disinformation on Uralic

Johanna Laakso johanna.laakso at univie.ac.at
Sat Sep 1 16:32:42 UTC 2001

I very much appreciate and want to support Johanna Laakso's enterprise of collating the "false" statements on Uralic. This will form essential material for general linguists to understand and appreciate these languages, and also I believe it will be important for us Uralists to help us "sort the wheat from the chaff".

  Regarding references to "blatantly and indisputably false statements" on Uralic, I would like to suggest looking at my forthcoming book "The Uralic language family: facts, myths and statistics", Transactions of the Philological Society, Blackwell, to be published by the end of 2001. This identifies several false statements, and I hope the book is written in an objective way so that it will be valuable, whether or not you agree with its conclusion (which is that Uralic is not a valid node).

  I would suggest that a study of the sort being proposed could profitably be extended. There are certainly "true" statements about Uralic - these are statements that are supported by the evidence. And there are indeed a significant number of "false" statements, which are contradicted by the evidence, such as are being collated in this enterprise.

  But there is a third category - and a more serious and important one in my view. These are statements that are neither supported not contradicted by the evidence. One might say that these statements are "not even wrong" because there is no way to tell whether they are true or false. These should properly be labelled as "speculations", but often in Uralic studies one finds them presented as if they were "facts".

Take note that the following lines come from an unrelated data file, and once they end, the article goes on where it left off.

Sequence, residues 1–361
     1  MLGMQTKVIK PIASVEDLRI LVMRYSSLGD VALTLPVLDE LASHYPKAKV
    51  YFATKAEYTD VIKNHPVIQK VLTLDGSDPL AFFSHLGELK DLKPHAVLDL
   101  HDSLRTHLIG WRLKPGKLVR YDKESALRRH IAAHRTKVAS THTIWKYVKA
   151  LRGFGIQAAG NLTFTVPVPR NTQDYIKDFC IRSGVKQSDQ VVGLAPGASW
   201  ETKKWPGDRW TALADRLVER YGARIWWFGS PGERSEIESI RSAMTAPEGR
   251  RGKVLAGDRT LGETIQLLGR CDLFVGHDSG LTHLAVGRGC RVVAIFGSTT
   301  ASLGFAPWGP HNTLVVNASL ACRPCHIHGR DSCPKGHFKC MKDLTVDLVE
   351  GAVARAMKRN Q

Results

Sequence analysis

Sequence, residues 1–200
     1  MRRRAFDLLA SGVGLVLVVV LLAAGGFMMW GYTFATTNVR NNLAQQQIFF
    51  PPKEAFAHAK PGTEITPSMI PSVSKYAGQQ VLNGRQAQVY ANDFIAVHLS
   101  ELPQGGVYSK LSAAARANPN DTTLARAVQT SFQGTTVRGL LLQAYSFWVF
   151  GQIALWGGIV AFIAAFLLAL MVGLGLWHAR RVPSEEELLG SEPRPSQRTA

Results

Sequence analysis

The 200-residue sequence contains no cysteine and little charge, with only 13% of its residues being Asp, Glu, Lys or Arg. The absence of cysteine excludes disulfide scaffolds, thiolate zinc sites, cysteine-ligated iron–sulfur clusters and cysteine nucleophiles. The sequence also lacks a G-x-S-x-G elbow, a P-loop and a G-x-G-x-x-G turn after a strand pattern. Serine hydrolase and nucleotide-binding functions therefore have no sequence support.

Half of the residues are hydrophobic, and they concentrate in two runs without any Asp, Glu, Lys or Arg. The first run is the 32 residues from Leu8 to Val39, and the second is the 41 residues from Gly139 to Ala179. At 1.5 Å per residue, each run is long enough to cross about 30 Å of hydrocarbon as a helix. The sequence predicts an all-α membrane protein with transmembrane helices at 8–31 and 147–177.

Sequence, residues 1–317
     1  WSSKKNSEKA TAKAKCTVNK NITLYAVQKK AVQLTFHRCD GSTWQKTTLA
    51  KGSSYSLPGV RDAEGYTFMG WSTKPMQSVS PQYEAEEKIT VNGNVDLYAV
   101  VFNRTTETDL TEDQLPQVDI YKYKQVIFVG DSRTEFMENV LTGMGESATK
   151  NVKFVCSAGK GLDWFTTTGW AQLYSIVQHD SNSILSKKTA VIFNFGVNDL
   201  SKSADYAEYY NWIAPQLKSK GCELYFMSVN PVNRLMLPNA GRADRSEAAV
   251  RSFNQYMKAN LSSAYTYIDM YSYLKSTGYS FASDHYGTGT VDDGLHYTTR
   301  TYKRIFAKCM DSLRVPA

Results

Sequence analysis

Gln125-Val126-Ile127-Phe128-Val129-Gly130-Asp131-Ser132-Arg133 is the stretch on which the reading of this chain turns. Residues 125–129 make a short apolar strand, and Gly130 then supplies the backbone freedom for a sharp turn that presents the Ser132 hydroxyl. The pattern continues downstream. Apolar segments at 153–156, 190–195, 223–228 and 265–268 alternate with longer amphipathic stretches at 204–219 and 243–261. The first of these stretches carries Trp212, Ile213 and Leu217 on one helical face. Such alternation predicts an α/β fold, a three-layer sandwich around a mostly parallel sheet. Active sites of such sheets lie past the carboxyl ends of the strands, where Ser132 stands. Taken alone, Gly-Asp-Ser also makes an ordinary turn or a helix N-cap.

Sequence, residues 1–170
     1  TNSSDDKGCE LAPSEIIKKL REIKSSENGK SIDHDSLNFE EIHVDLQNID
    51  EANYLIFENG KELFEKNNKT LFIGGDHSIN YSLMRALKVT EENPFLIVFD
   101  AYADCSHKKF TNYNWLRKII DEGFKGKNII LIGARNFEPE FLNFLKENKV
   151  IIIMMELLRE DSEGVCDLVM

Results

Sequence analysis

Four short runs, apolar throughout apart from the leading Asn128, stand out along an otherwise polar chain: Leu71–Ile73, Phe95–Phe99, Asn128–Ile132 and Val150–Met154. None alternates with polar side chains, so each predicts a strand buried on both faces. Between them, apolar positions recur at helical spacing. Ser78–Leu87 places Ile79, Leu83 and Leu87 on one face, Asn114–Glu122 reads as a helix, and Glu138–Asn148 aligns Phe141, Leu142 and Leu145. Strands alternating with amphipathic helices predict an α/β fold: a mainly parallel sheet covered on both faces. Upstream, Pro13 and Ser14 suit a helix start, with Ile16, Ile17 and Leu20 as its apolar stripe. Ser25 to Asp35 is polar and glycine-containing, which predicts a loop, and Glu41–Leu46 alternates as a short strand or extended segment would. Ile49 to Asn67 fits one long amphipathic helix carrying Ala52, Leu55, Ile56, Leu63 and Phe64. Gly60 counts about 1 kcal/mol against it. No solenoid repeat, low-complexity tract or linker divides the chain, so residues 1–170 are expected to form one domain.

For example, in a detailed anaysis of Tunguz and nearby Uralic languages published between 1975 and 1988, Sinor identifies many "flawless" correspondences. He says "I am quite certain that if from all the Uralic and Altaic languages only the Northern Tunguz and Ob-Ugric were known, no-one would deny their genetic relationship". However it is usually stated as a "fact" that these "flawless" correspondences are not due to genetic inheritance but due to some other process (usually called "direct borrowing"). This is presented as "fact" even though there is no objective way to demonstrate its truth or falsity.

  I believe it to be the central problem for the field that the literature frequently fails to distinguish between facts, assumptions and speculations in this way.

  Angela Marcantonio
(angela.marcantonio at ntlworld.com)

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